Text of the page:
Cover Story- PAUSE Meets: Lil Tecca


Lil Tecca

Discusses new music, creative purity & wardrobe curation.

Photographer: Gabriel Perez Silva // @_youngshot
Stylist: Rhys Marcus Jay // @rhysmarcusjay
Assistant Stylist: Sierra Sesay // @sierrarenas
Producer: Johnson Gold // @johnson_gold
Photo Assistant: Jay Sivayavirojna // @jay.thehumans
MUA: Sharnice Knox // @saintlaurahs
Hair: Nigella Miller // @hairbynigella
Interview: Thomas Woods // @thomaswoods
Words: Amal AlTauqi // @altxuqi
Artist: Lil Tecca // @liltecca
Location: New York, USA

“Regardless if people like it or not, I’m going to keep doing it.”

The influence of Queens NY is one that cannot be overstated. Since the borough has long fostered generations of diverse cultures, musical talent, fashion sense, and activism, it’s no wonder that throughout history it has bestowed some of hip-hop’s most iconic artists. It seems unlikely that such a vital milieu can ever again nurture such an innovative movement, but the current generation of musicians beg to differ – leaving a lasting impact and showing us exactly what they’re made of.

At first glance, Lil Tecca seems like your average twenty-one-year-old immersed in the world of swanky fits, social consciousness, and technological advancements. But beyond his exterior lies a story of ambition – a story that speaks to the power of dreams. A life which almost every kid dreams of.

As a result of his debut single “Ransom” in 2019, Tecca catapulted to fame and, before we knew it, the track had become a viral hit… and the rest was history. Since then, the New-York bred musician has developed his ability to construct layers of sonic nuance through intricate works of art, not forgetting his latest album offering TEC (2023). Armed with 16 songs boasting meticulous composition, Tecca has a clear vision of where he wants to go and how his sound should be reflected, with his presence on the scene being indicative of his continuing influence on his generation and thereafter.

In an exclusive interview with PAUSE Magazine for their Winter 2023 cover, Tecca unfolds on his musical upbringing, seasonal fashion and what we can expect from him next.

Check it out below:

Your latest album TEC (2023) hit number two on the top debut albums chart on Spotify. What is it like to be in that space of celebration right now? Do you feel like you’ve taken it in fully yet?

I don’t think I’ve taken in anything, fully. I haven’t looked at the numbers too much… I try to take a second of gratitude and really just appreciate everything, especially just with my fans, because I understand more than anything that I wouldn’t be anything without them. So, I don’t even look at those numbers and take it as a moment of, like, self-celebration, even though it is hard work that I’ve worked on. I just appreciate it because you can’t predict anything and the fact that I’m being blessed right now, that’s all that I can appreciate for real.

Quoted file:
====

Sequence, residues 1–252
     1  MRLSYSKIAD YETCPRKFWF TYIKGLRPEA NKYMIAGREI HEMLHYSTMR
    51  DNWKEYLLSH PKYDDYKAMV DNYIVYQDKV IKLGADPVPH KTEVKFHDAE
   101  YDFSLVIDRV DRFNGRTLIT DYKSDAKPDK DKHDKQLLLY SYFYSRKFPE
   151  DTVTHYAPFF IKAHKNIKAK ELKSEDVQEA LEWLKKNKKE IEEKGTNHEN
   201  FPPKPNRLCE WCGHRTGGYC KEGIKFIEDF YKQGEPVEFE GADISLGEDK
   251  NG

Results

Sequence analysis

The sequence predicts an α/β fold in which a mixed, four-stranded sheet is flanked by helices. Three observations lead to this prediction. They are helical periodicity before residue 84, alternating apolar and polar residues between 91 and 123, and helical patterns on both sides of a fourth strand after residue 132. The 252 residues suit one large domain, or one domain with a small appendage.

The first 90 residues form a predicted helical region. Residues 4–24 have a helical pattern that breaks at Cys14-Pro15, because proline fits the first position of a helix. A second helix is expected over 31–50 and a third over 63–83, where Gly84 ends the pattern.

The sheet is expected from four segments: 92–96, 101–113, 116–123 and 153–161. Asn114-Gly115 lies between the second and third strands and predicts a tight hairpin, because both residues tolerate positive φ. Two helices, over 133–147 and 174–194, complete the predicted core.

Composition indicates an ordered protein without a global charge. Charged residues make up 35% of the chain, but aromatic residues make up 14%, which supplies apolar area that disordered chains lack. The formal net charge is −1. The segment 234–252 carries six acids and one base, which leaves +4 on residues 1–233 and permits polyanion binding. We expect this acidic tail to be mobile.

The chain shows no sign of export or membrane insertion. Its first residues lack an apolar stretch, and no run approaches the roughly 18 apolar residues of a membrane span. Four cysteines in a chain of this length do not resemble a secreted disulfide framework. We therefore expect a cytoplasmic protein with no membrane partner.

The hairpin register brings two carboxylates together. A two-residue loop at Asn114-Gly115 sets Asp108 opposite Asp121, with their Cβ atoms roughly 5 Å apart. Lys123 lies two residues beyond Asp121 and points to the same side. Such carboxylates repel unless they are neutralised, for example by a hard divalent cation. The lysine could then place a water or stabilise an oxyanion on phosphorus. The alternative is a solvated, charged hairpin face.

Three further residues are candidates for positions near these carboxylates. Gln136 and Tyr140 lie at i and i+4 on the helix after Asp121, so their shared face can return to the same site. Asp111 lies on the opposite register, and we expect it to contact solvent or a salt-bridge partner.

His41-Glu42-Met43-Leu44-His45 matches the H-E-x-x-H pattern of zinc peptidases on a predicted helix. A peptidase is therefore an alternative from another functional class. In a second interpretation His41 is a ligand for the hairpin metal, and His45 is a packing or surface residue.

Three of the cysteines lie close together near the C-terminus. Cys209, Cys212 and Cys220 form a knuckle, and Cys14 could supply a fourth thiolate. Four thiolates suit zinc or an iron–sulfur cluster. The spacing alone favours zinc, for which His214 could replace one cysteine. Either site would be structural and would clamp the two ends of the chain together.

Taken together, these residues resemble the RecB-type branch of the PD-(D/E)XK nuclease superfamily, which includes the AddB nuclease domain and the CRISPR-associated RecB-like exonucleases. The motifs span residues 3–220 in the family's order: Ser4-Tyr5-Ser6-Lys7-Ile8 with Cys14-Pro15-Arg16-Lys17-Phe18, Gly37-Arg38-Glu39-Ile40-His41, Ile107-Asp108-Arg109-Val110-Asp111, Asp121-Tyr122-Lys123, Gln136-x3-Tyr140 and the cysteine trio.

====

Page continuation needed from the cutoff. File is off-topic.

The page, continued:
100%. Where do you feel like you get that connection with fans? 

It’s in my everyday life! My career is so tied to my every activity, so I can’t forget about my fans in any way. I might wake up and make a song and want to instantly preview it to the fans, you know. I feel it with my fans all the time. 

I suppose with the nature of social media that becomes even easier. With your sound in particular, this album has been really well received and you often go quite deep into an ever-changing landscape. How does it feel to know that everything you share, or go through, is consumed by millions worldwide? Do you ever get in your own head about it?

No, I don’t really think about it much. I know being successful in this field is definitely a task, having a lot of people know who you are, but I still try to think about the reasons why I started this and it’s just pure, I just do this because I like it and the fact that so many other people like it is cool too. But, I don’t really think about the amount of people that are potentially going to hear it, hate on it, or love it, and think “damn, now it has to be perfect.” No, it’s just something I love doing and regardless if people like it or not, I’m going to keep doing it.

I feel like finding that purity must be hard for a lot of people. In terms of your creative direction,  your sound has taken a lot of different directions, which is really great to witness. In what ways has your new album influenced your attitude towards music?